MICROBIT AND KITRONIC BUGGY PROJECT

Kitronic Buggy.jpg
Started by Rainham school and Phil, in this project a Kitronik buggy is controlled by Microbit including use of the onboard accelerometer to change direction on impact. If you're new to circuits etc the it might be worth first seeing the information on polarity, motors and capacitance although you don't "have to"! Maybe just have a go! At a school in Kent, the Year 11 Engineering Society members designed the activity to challenge their colleagues in Years 9, 10 and 12 during Tomorrow’s Engineers Week (7 to 11 Nov 16).

Resources required:
  • Microbit and access to the website.
  • Kitronic buggy with motor driver board.
  • Prototyping board.


URLs for information:

Read more...



A short video - how can we make this work better?!



--------------------------------Taken up by Oscar and Colegio San Jose students-------------------------------------
In the first part of this video, we solder some of the components for the line following system, and in the second part, our students build and set up the buggy!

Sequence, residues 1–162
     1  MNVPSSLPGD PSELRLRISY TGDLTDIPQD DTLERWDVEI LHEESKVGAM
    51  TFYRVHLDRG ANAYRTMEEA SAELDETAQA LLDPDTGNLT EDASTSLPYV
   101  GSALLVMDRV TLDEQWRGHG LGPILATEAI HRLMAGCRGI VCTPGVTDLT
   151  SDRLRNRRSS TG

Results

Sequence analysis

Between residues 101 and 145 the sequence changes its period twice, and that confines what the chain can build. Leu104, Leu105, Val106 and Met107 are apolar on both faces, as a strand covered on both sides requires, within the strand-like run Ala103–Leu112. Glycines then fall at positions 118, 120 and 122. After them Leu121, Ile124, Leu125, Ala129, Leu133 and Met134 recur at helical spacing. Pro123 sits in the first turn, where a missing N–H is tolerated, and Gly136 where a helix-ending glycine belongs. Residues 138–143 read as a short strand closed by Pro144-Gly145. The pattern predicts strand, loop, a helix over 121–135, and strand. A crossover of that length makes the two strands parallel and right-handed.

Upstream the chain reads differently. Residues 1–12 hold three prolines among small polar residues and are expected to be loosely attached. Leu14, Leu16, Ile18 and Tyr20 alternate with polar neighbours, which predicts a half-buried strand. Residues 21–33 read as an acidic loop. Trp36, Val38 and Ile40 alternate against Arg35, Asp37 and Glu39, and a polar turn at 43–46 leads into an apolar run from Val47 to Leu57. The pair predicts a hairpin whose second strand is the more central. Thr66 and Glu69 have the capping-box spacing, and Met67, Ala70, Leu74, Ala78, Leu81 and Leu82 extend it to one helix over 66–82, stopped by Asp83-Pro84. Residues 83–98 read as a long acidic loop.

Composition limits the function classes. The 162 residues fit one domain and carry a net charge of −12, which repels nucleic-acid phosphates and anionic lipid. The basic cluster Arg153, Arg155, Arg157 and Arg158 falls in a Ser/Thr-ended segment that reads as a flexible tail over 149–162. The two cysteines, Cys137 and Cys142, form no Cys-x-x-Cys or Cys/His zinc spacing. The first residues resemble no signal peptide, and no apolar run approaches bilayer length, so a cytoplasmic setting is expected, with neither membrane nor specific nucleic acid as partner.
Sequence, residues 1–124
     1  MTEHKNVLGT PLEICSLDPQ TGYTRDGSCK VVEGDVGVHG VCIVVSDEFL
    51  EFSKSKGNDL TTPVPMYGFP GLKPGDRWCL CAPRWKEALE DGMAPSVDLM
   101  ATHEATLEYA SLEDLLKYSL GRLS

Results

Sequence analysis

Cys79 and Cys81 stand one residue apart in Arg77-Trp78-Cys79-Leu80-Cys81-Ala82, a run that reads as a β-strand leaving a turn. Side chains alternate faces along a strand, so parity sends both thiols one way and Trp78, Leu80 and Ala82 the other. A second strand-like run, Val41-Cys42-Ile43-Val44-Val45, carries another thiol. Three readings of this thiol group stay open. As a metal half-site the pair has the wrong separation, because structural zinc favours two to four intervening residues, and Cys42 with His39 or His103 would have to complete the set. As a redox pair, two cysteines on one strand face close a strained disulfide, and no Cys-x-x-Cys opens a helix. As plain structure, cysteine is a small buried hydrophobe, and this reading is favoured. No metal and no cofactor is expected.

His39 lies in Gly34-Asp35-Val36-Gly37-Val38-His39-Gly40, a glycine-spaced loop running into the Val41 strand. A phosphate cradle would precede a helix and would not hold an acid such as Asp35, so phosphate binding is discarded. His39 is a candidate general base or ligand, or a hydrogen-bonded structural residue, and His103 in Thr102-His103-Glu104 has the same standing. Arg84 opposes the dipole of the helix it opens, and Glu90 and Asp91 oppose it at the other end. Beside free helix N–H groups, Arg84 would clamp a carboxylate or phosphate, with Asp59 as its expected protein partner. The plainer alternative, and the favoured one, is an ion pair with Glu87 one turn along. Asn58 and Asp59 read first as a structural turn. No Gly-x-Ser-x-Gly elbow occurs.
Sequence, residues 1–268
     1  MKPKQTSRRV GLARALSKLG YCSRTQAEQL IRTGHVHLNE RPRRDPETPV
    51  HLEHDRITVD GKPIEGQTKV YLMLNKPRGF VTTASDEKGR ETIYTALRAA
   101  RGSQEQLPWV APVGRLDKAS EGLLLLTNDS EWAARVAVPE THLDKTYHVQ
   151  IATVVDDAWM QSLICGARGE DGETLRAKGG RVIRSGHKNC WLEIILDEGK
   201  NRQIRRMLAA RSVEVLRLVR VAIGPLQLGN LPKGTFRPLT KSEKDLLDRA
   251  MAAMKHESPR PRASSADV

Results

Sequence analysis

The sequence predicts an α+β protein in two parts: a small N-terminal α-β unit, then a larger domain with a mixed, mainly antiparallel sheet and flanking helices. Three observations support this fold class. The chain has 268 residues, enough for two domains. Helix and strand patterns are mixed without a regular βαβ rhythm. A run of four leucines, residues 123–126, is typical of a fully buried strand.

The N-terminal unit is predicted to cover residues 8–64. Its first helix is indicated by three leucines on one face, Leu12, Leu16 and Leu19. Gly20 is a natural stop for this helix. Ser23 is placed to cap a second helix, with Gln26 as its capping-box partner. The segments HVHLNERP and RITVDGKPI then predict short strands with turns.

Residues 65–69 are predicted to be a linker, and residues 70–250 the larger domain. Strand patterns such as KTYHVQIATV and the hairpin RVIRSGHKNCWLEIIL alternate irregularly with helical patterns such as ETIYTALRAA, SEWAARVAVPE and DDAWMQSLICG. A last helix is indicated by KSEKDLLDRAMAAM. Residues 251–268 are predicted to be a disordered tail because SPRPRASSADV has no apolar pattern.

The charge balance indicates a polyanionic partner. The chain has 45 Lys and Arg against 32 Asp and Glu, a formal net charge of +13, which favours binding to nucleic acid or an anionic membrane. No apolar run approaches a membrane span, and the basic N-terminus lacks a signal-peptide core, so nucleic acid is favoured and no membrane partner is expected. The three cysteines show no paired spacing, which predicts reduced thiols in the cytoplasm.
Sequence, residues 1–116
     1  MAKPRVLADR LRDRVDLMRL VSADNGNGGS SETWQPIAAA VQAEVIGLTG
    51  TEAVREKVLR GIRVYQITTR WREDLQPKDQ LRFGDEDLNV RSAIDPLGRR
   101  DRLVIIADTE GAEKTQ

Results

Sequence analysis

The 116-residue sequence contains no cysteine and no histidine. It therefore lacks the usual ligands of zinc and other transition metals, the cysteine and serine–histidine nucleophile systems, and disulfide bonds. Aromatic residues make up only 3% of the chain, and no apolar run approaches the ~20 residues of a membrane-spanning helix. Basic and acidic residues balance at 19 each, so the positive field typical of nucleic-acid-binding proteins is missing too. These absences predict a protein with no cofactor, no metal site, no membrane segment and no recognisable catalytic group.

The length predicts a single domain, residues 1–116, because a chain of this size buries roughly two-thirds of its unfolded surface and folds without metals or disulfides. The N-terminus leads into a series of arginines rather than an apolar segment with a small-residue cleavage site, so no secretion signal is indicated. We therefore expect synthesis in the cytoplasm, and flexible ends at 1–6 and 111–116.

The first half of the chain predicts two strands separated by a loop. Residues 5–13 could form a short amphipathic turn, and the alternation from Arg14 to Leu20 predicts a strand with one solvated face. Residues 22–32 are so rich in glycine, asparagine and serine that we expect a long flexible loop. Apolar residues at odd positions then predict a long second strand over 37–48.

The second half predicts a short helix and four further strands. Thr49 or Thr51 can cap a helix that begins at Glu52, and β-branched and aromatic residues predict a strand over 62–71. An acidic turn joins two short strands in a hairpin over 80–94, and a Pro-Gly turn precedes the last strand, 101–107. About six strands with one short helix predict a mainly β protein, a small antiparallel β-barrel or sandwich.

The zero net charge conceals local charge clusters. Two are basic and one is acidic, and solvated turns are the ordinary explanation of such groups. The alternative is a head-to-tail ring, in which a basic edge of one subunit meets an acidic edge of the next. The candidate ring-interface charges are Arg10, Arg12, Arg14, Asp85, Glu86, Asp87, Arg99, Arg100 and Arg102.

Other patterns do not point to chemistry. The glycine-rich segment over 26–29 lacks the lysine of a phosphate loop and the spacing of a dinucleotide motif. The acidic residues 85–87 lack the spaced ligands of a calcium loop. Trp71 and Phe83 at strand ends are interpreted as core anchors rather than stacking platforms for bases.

Now, we are testing the code through Microsoft Touch Develop... So, in a few days, we'll let you know how it's working!!

--------------------------------Back to Phil 14 Feb 2017:-------------------------------------
That's fantastic work; good luck with Touch Develop! I'm jealous of your soldering and your film production!

Hopefully a few of us who are students can share these projects soon - I see Rory from Rainham Mark Grammar School has joined the wiki, so hopefully he'll invite some friends along and have a chat on appear.in/CCITE.

Here's a short couple of videos of Tsige and Rosie, from the SE England STEM Learning team, and they're driving one of these buggies using a Microbit as the remote control, with another Microbit controlling their traffic lights. Somebody said this is a good advertisement for driverless cars!!!

We got the remote control code from the UK Computing at School resources here but it looks like Adrian has given us a lot of guidance on the sheets he's sent around too (by the way you'll need to register for a free account to log in to Computing at School, but it's worth it).

Next step is use Adrian's guide to make an "Internet of Things" safety override for the remote control, so that the lights can stop the car if they're on red. Hmmm....